As I aged the women in the family began to die deaths floated to them by stopped hearts. Great-auntie-mommy Hattie Mae, Great-auntie-mommy Tina, Great-auntie-mommy Cat; all dead. Willa was the oldest and only surviving sister. Willa’s daughters Grandma Ernestine, her sister Becky, both left their children with Willa. Becky eventually had come back for Beth and Honey. Ernestine - lived right up the street from the old house without ever returning leaving my Mother Rose and Auntie-mommy Tula with Willa for good. My two Aunties Beth and Honey had taken control of the estate from Rose and Tula. The judge ruled that because Beth and Honey actually lived in Florida that they were better able to handle the money and Great-grandma Willa. But they lived crazy behind two men who were never home, the money and the men dissipated at about the same rate, but unlike the money new men always showed up. They treated their one story brick project houses like palaces they forgot they had to clean.

While visiting I made sure I was in the bed with great-grandma by a certain hour. My first week staying I was cornered in the kitchen. A so-called uncle pushed me against the wall, his hot breath on my face, “I always liked light-skinned girls,” he sprayed. I pretended to adjust my summer dress before slamming my foot into his. I took him by his collar and smashed his face into the cold stove after I kicked his ankles from under him. I reminded him I had four older brothers. He didn’t try again.

It was time for Willa’s walk. She braced herself by putting her hand on my shoulder and arising. “Good job grandma - that was real good.” I held her waist as she stepped into the loafers I had bought her, gold metallic things with thick soles. She loved them. Beth and Honey stood in the long hallway-like kitchen, smoking menthols. Honey raised her voice, “Chile! Where you going wit’ her!”

“Just for a walk, it is nice outside and I want to take her out before the kids get out of school.”

“Ah, shit.” Honey flicked her ashes to the linoleum, “She don’ remember nawtin’. If she fall, you payin’ the doctor’s bill.”

“Yes, ma’am.” That was all I could say to them, I was the youngest girl in the family. I was not supposed to argue back. I was not supposed to notice them heaping their hate for their mother on the woman that cared for them despite the circumstances. I was supposed to keep my mouth shut, be dutiful.

The cold war of Honey and Beth against Rose and Tula included holding great-grandma hostage. They threatened to put me out every other day for causing trouble. During my second night when I let my mother speak to great-grandma on my cell phone before she slept, I heaped on my concerns and incredulities.

“Why is she like this in the room all day locked up? Mommy and Tula could care for her - they could help.”

Honey fluttered her lashes, “Mind your business and tone.”

I continued - pushing forward, “Nah. You won’t let her talk to her other children. She said she wants to go home. Mommy and Tula live closer.”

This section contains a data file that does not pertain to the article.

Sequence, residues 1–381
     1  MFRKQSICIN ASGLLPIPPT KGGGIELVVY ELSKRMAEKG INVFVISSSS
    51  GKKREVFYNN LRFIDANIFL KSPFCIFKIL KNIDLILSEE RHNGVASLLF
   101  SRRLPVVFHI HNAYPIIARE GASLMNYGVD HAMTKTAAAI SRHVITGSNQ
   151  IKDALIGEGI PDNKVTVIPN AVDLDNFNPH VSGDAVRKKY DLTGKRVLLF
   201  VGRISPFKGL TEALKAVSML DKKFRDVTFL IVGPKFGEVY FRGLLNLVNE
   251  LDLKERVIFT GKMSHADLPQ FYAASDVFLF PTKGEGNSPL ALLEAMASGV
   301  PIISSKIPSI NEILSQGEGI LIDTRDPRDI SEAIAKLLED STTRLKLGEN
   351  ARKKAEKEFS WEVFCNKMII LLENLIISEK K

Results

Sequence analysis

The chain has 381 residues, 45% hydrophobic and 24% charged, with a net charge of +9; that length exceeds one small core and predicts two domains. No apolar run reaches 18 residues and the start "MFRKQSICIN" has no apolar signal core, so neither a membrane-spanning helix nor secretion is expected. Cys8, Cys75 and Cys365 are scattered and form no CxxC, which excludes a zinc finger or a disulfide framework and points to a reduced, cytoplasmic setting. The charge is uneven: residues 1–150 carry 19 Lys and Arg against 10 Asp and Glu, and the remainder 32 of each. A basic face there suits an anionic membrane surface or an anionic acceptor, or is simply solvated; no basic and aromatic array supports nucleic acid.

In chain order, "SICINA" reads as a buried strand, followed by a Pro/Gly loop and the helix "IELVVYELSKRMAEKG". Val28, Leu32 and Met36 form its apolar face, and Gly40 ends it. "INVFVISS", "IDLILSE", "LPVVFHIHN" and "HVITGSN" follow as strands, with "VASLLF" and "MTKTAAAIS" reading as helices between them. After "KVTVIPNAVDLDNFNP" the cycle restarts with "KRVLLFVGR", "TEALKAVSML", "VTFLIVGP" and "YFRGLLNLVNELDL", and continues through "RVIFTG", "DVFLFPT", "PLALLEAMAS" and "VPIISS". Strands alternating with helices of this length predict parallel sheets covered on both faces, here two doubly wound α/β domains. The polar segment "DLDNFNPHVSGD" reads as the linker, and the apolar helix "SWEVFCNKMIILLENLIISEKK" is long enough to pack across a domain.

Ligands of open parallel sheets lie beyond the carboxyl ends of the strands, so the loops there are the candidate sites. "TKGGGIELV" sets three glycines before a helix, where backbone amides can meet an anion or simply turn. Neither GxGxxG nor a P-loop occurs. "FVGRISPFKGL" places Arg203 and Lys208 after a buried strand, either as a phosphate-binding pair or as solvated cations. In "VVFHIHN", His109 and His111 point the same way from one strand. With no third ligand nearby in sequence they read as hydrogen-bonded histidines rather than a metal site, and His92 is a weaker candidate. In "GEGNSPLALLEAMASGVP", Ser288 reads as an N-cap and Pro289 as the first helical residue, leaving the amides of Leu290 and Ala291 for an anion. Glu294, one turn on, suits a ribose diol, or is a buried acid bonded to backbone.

Beth and Honey exchanged glances, I had assumed that great-grandma would be going home, that the house would be rebuilt. I watched their lips tighten, then continued,

“You two are rebuilding the house, right?”

Beth, exasperated, snatched the cellphone from my hand, pinching my fingers, “We sold it and you better watch your mouth - you are in my house now.”

We shuffled quietly and carefully from the side door. Honey huffed up her big body, heavy breasts and wide basket hips behind us to follow us out. We made it to the sidewalk, the breeze was cool, folding against the pair of us. Red buds and open-throated Birds-of-paradise dipped towards the wet soil - the rain had stopped just as eagerly as it had started. Honey’s black-brown eyes glared towards us. She flicked her cigarette into the tiny square of grass hemmed in by concrete. I just wanted to get her away from them. Their eyes ticked like timers rushing the seconds. How much money could a private chef have stashed secretly away for them to crave like mosquitoes needed to bite. We rounded the corner, I was surprised by how strong her legs were. I added a little speed to my step, but then slowed seeing the cadence of her walk falter. She gripped my forearm tightly and continued to muddle forward. I knew the trees by color, the fruit on them and their flowers, but not their names. Great-grandma knew the names like she remembered first cousins she bathed with, like she remembered the birthmarks on all of her children. When we walked together I always asked her to tell me the names of the trees. The neighborhood was one of squat clapboard houses painted in whatever color the owner thought would keep away bad spirits, an old superstition. Some of the men in the neighborhood, like their cars, sat perched on cinder blocks, the sticky sour scent of their smoke floating to us. Girls stood on the corner, eyeing me sharply. I was used to it, even my cousins sometimes cut their eyes at me. I did not know yet what jealously meant, I did not think I was worthy of it.

My great-grandmother suddenly paused, beginning to talk, “You know Ernestine didn’t know her ass from a hole in the ground.” I guffawed, my mouth falling open, eyes wide as I watched her expression, serious as a whetstone. She was sharpening her words against that expression. I fumbled in my pocket for my phone, she looked for it expectantly - I had been recording her memories since I arrived - she knew she had an audience.

“Just any man. She’d leave and come right back to da yard, pregnant. Five babies she gave away. FIVE!! Out of all my children, Sunflower’s Mammy, Rose, she is my favorite. Now - don’t you go tellin’.” I smirked and shook my head from side to side, my puffy explosion of light brown curls wavering, I was Sunflower. I reassured her, “No never, Grandma Willa. Never.”

“Rose was de’ happiest lil gyal I eva seen. She always smilin’. Fresh though. Fresh.  Fresh mout’ she got. E’ry day we walk to de’ bus stop, she in her yellow ruffle knickers and dress, wit’ she bonnet on. I luh’ta dress she in yellow - Sunflower, we call she daughta’ Sunflower too, Franny. Tchssssssssssssssssst.” She sucked her teeth. Revving up for more. “Dees hea’ niggas t’ink dat de white man always hate us, nah true! At de bus stop, dey always gave me and she a seat. They didn’t like the law anymore than we did, but what can a regular person do? We all chat together a little to ignore de heat. I send she to the corner to buy lime drink for she and me. But when come de bus, we walk all the way to de back. She always sit on me lap, like Sunflower.”